I have given a writer the opportunity to practise her craft by writing an article. So please share your thoughts on medical marijuana vending machines:
Although it sounds like something out of a satirical cartoon (I can definitely see Homer Simpson using it), marijuana vending machines are now a reality. The first one appeared at the Herbal Nutrition Center (HNC) in Los Angeles. The HNC is a popular medical cannabis dispensary that strives to bring a positive service to the Los Angeles community.
This Prescription Vending Machine (PVM), which is being casually referred to “the marijuana ATM,” will only be available to those with a legitimate subscription. Those who register with the program will be given a prepaid credit card with all of their personal information on it. This card is simply used on the PVM, just like an automated bank teller.
Patients will be able to receive their prescriptions day or night, even if the dispensary it is located in is closed. The machine is located in a secure, isolated room and a guard will also be on hand 24 hours a day, which answers people’s concern about the safety of the machine. Further measures have been taken in the machine’s design, as it is armored and locked.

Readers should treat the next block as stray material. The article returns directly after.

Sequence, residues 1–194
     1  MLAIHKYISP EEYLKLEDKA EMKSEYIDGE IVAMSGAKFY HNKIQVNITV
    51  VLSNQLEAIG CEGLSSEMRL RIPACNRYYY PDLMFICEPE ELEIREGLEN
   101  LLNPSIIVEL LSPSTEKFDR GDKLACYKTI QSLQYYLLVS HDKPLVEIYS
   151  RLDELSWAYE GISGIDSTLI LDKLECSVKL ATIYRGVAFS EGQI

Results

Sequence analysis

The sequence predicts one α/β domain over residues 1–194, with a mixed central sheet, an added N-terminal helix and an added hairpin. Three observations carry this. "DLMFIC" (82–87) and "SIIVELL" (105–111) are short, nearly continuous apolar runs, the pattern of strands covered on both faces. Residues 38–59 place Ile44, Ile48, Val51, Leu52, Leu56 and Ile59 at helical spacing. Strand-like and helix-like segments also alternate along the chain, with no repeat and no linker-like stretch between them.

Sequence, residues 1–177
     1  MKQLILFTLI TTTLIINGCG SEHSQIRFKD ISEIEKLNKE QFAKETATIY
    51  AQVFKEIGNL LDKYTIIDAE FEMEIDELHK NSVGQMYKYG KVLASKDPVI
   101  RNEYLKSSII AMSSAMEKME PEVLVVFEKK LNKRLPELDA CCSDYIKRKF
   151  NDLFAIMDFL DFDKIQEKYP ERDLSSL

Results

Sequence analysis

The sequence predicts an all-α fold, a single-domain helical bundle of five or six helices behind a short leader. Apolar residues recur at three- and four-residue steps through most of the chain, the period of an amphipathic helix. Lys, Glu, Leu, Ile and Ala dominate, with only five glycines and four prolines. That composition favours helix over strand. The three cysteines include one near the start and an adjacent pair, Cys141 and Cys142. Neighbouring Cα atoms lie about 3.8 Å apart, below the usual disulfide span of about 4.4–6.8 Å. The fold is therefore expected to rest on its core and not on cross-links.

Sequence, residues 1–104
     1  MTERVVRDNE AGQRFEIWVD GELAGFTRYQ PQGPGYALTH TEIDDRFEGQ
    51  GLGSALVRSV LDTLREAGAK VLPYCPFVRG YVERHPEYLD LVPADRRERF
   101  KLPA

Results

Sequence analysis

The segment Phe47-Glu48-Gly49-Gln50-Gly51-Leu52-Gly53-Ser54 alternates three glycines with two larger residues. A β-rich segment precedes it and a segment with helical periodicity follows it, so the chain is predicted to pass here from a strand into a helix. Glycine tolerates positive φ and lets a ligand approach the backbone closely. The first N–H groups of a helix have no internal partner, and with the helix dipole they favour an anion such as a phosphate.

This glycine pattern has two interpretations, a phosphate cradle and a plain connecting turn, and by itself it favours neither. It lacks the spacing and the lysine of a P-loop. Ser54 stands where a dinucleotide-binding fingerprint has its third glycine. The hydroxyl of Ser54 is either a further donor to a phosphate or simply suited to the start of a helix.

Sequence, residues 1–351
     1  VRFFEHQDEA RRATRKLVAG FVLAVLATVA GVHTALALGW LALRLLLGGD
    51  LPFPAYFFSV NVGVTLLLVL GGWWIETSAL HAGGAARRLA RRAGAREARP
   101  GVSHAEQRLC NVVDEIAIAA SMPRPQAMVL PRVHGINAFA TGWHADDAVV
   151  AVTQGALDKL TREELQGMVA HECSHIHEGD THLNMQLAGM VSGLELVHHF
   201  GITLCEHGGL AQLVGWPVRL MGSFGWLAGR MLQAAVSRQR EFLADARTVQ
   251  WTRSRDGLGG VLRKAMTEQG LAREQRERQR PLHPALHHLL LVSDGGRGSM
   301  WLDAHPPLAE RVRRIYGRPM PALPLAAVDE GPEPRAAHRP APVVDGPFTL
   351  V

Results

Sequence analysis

Just what is the purpose of a marijuana vending machine? Convenience is obviously the main concern, but owner Vincent Mehdizadeh also says the machine was designed to offer lower prices and anonymity. It seems that there are still patients who feel marginalized for their use of medical marijuana. Perhaps this simple, isolate machine will allow them to access their medication without any embarrassment or fear.
Since the first PVM was installed in Los Angeles’ HNC, two other machines containing marijuana have been installed. Also, a similar machine was recently erected at a domicile on the USC campus. Although the latter machine does not offer marijuana, it does contain other medications, in addition to prophylactics.
Everything seems to be going well for the vending machine program, though it may not last for long. DEA Special Agent Jose Martinez recently told the Associated Press, “Somebody owns (it), it’s on a property and somebody fills it. Once we find out where it’s at, we’ll look into it and see if they’re violating laws.”